I fucking hate running. My fucking leg. Jesus. My wrists hurt. Fuck. Why do my wrists hurt? The road comes back together and I find that I have lost my lurcher. Have I slowed? Quickened? I don't know. I don't much care. I hear music from afar drowning out my own tunes. I'm the cat with the base and drums going round like bom bom bom. Halfway approaches. The music is so very loud. I know this song. Sixteen pints of rum. I started using it in pump last week, It is a stupid song. I like it a lot. I allow myself a smile. I'm so cool and I'm so groovy. I'm also half way. Half way through a marathon, this marathon I said that I would run before I got too old. My leg. My wrists. Halfway. Bom bom bom

Friday, November 8, 2013

Miles Ten and Eleven

Friday, November 8, 2013 0
There's a small boy on the right hand side of the road. He is holding out his hand for the high fives. High fives for him, low fives for us. He can't be more than six. The woman in front of me veers to contribute. I veer with her.  She wears a black baseball hat, black shorts and a bright pink singlet. She runs easily and with purpose. I would wager my last gel on her being American. But then we're all American now, with our can do attitudes and our marathon running and our high fiving. As her outstretched hand impacts the kid's his face lights up like a stricken tower. I get a similar reaction. I feel like Stewart Lee must have felt when I bought a book I already owned so that he could sign it. I hope this child stays here all day. The American lady powers on and I let her go. We will meet again, I feel. 

Other less youthful spectators offer food. Jelly Babies mostly. I can't, don't, won't eat Jelly Babies. I have my reasons. They are twofold. The first reason makes a modicum of sense. Don't do anything you haven't practiced in training. No new shoes, no new clothes, no new sweets from random strangers. I have not practiced with Jelly Babies, so no Jelly Babies. The second reason is not so sensical. Jelly Babies contain gelatin. I do not eat gelatin because I am a vegan. I am vegan? I do not know. It does not matter. I am a vegan vegan. Gelatin is made from hooves. Animal hooves. I do not eat animal products. I don't really know why. This is not true. I don't eat animals products because I read about an ultra runner who was vegan so I decided I'd do that. I'm always doing shit like that. I am extremely suggestible. I ran barefoot for months after I read "Born to Run".  But while barefoot running was nice, it was also deeply impractical and not entirely safe. So I stopped doing that. But this vegan gig, it makes me feel good. I have more energy, less guilt. I can eat mountains and mountains of food without putting on weight. If I'm honest, this is the main, if not quite only, reason. Because I am both greedy and narcissistic. Real vegans, if they could see my heart, would despise me. But then real vegans are mostly militant nut jobs who believe that children who like a hot dog and a milkshake in Eddie Rocket's after a second rate animation in Cineworld are filthy murderers brainwashed by the system into a terrible unthinking life of slave mastery and butchery. They're right too, but I like to focus on my low body fat percentage. It's less stressful.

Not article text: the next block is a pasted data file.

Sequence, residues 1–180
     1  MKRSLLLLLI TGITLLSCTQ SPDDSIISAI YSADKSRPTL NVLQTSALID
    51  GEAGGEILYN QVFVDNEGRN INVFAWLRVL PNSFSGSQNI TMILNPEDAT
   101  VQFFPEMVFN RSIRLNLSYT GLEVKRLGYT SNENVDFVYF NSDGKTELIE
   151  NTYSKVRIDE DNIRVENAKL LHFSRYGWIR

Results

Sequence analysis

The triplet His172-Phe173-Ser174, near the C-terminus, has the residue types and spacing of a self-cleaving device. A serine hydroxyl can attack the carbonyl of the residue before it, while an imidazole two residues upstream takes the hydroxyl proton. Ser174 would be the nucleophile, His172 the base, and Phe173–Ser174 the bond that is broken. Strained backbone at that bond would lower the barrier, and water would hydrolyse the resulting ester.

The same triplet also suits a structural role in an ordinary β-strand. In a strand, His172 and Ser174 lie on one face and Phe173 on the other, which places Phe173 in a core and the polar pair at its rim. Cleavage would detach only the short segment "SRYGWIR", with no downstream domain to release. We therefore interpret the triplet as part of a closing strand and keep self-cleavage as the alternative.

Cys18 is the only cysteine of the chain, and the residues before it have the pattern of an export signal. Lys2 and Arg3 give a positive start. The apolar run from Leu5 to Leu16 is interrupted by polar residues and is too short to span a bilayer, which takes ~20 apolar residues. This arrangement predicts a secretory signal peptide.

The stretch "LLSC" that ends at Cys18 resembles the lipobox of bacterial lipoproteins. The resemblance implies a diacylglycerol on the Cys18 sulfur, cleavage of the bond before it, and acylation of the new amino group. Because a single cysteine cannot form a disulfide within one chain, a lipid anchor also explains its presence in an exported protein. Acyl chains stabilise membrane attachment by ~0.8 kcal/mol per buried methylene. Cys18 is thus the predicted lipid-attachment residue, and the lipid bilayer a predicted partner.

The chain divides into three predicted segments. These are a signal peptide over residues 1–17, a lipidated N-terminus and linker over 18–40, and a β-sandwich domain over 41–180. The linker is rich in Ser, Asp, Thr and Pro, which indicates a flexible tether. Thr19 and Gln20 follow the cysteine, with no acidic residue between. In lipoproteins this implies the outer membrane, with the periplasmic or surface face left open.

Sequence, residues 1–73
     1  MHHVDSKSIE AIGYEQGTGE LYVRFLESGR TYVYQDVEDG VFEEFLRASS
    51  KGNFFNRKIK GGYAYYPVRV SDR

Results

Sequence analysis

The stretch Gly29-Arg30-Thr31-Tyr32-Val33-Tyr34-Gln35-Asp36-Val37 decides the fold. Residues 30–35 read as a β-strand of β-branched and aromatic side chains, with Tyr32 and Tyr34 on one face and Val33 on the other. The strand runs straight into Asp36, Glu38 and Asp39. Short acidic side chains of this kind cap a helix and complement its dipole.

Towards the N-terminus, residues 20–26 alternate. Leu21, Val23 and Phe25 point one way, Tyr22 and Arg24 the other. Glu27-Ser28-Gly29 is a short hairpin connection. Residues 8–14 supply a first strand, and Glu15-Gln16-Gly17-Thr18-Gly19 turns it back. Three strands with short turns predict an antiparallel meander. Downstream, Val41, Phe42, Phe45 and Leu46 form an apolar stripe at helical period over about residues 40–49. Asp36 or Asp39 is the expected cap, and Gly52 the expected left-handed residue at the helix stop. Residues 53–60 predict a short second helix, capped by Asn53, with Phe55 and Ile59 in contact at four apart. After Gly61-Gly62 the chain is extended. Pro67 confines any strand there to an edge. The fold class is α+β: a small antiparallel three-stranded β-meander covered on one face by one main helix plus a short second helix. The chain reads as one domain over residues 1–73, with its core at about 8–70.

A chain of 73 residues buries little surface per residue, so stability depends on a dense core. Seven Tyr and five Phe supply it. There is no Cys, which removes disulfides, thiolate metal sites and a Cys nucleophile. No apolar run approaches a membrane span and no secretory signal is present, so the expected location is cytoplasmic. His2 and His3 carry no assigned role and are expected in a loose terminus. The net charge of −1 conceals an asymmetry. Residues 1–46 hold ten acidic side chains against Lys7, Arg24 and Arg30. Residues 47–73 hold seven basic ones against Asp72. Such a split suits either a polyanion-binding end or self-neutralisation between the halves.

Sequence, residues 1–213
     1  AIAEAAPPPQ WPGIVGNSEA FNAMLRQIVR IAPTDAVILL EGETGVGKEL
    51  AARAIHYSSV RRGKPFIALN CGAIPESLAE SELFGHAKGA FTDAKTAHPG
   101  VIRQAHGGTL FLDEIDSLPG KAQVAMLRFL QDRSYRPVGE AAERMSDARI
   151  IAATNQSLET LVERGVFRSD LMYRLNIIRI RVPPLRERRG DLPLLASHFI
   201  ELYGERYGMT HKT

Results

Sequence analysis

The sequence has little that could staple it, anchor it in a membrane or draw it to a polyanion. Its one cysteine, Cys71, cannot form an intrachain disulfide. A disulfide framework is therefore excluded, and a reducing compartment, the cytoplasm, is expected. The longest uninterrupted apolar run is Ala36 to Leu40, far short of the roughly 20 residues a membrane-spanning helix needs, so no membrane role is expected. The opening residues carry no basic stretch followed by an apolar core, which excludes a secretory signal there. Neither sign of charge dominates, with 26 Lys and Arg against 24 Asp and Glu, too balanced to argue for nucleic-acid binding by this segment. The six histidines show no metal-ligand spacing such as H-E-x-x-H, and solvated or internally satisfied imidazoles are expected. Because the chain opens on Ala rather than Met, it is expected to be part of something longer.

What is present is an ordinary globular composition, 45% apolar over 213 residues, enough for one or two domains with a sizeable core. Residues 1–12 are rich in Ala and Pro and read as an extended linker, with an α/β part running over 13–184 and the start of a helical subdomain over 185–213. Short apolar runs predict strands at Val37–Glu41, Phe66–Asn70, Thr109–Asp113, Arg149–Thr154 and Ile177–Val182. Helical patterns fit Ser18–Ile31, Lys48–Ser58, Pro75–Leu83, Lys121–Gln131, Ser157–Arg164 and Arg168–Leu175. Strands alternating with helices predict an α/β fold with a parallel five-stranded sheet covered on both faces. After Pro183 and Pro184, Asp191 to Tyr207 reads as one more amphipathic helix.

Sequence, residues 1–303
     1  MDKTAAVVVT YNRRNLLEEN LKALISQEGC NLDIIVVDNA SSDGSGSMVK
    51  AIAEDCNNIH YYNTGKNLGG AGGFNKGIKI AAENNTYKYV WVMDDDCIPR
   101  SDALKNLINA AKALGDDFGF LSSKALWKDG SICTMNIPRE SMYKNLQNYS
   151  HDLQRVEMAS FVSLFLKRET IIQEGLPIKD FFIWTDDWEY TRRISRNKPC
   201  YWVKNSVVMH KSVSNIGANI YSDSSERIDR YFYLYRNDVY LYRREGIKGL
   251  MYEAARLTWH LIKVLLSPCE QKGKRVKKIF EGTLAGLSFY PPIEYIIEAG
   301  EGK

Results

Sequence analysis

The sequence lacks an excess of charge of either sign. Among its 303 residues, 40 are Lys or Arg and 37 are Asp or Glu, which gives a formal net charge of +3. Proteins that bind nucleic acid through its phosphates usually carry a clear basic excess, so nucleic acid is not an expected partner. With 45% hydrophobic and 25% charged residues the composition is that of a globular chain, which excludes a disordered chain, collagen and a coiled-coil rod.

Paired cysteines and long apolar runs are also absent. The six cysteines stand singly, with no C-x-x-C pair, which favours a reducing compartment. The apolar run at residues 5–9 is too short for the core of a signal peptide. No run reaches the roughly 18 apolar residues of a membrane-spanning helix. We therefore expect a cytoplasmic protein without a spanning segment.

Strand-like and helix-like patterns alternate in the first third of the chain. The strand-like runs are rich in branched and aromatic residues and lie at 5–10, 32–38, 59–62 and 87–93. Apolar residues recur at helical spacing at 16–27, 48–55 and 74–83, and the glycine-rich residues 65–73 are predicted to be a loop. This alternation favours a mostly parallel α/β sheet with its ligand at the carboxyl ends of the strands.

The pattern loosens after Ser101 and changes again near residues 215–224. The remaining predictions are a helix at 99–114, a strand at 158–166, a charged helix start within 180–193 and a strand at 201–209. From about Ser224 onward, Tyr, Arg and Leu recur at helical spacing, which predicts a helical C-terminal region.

Ten miles. I do not know this part of town. I am in that place where I am just running. It is a good place. It cannot last. 

An Irish woman passes me. I know she is Irish because though she does not wear the colour, she is pink. And ginger. But so very pink. And she's moving. Effortfully. I guess my pace at about 7'25, hers is somewhat quicker. But she does not run. She lurches. She is lurching along at a pace that I am not sure I can hold. Her form reminds me of a conversation I had with Tommy seven days ago. Tommy works where I work and can give a mean deep tissue. Very, very mean. When he had finished fucking me up, Tommy spoke of an old man who had overtaken him in the final miles of his first marathon. There on the gym floor, he demonstrated the veteran's gait, a Quasimodo like hop. People stared. I laughed. Mile eleven and it's happening to me. Everything in this race is happening too early. I slowly accelerate to match this woman's pace. For the next mile I will be try to live within her beautifully pink, loping lurch. 

Mile eleven marker. I am bored, I realise. Non-runners always say that, don't they? "I could never run! I don't know how you do it! It's so boring!" I am never bored when I am running. But I am bored now. Bored of the pain in my left leg, bored of concentrating on not letting it slow me down, bored of wondering if I'm going to make it.  Not far to half way. That'll be something. Probably a thing with running and no Jelly Babies. But something. 

On we lurch. 

Thursday, November 7, 2013

Miles Eight and Nine

Thursday, November 7, 2013 0
Out of the park we stream. The sky is big and blue and there are hundreds of bystanders, shouting, encouraging, bystanding. One comedian hollers "Almost there!". I assume the repetition of this hilarity will continue to amuse him for at least the next hour or so. I do not begrudge him. Everybody is doing what they have to do to get through this day.

My leg I think again. My knee, my hip. It hurts. They hurt. I realise that this repetition of my own is even less amusing than that of our witty wag. So I decided to cut it out, to give it up, to let it go. Pain is my lot now, earlier than I had hoped, but this is where I am. Run, run.

There is a climb coming.